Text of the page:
A Clinician’s Story: Vincent Phi
We have all been caught in this wave of history. We have experienced a deluge of personal and national. emergencies. It should surprise no one then that, amidst this crisis, some important stories were missed.
But as the history of this crisis is recorded, it is our job to ensure that those stories are recorded.
This process has a simple first step. We start by listening to the people who lived through this moment. The COVID-19 pandemic, after all, was not just headlines and press conferences. It was something far more personal. It was the real, lived stories of billions of people.
One such story is that of Vincent Phi, a nurse from New Orleans. Vincent is a New Orleans native who entered college with the initial goal of becoming a pharmacist, but soon, with the encouragement of his mother, shifted his focus to nursing. Vincent’s mother was a nurse herself and made the compelling argument that nursing would provide him with stability and the opportunity to do impactful work.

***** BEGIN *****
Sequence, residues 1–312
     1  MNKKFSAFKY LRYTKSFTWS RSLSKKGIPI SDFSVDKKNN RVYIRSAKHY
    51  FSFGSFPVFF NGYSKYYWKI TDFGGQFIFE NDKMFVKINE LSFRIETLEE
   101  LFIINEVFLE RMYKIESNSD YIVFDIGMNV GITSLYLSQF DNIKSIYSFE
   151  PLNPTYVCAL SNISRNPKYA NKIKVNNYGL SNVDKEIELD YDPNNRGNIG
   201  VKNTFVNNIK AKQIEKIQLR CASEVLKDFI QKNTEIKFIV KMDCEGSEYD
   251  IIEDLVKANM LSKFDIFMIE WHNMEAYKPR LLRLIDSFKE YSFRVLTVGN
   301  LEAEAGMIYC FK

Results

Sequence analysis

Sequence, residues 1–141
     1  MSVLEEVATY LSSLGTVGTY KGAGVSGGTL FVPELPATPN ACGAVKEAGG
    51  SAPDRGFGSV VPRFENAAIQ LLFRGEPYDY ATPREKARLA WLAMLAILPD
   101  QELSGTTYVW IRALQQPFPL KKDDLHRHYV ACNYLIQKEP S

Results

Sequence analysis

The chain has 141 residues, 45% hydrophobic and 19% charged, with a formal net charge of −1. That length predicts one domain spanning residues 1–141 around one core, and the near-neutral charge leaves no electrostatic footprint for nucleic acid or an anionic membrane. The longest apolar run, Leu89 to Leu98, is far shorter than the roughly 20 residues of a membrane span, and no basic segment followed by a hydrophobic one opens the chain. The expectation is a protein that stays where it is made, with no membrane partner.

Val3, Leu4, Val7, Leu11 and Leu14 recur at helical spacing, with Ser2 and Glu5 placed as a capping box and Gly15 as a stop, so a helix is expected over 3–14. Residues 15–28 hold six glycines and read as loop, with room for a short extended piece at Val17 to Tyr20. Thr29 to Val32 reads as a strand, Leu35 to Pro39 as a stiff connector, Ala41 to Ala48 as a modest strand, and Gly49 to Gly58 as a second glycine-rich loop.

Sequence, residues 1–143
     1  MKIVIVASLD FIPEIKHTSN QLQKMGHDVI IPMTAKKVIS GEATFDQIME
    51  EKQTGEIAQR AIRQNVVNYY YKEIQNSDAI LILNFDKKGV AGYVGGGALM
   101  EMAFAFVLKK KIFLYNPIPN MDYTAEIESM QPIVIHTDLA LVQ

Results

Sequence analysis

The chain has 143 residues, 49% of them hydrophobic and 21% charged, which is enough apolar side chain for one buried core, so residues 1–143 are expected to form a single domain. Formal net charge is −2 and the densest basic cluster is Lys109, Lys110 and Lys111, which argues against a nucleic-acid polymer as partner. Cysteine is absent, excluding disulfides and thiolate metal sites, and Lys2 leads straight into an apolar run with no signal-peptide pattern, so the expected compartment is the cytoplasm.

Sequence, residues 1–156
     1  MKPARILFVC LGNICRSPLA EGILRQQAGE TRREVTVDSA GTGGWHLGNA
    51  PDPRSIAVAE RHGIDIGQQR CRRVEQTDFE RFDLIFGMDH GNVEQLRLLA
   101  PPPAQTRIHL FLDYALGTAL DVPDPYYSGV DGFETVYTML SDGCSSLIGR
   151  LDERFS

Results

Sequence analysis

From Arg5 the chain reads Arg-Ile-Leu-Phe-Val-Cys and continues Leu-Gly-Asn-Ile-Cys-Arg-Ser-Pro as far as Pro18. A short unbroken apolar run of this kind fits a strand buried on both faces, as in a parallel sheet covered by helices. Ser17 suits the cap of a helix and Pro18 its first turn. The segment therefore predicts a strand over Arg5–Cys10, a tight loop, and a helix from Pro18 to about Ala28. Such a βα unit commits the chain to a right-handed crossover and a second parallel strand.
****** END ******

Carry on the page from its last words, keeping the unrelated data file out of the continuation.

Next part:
When he made the decision the pursue a career in nursing, however, Vincent never imagined the true impact his work would end up having.
After graduating, Vincent quickly landed a job working a nurse at University Medical Center in New Orleans.
This was the facility where Vincent became a seasoned veteran. For nearly four years, he honed his skills and learned the ropes of the nursing profession. No amount of experience could’ve prepare him though, for being on the front lines when the pandemic.
As Covid-19 hospitalizations rose, the medical center quickly turned to Vincent to take on more responsibility. He was asked to become a charge nurse, taking over as the lead on a unit that specialized in COVID-19.
In his typical understated manner, Vincent described this experience as “a little nerve-wracking.”
Though there was certainly stress and uncertainty, Vincent also found silver linings during his time as a charge nurse at the height of the COVID crisis. He found confidence in a new leadership role and a sense of community with his fellow clinicians as they struggled against incredible odds.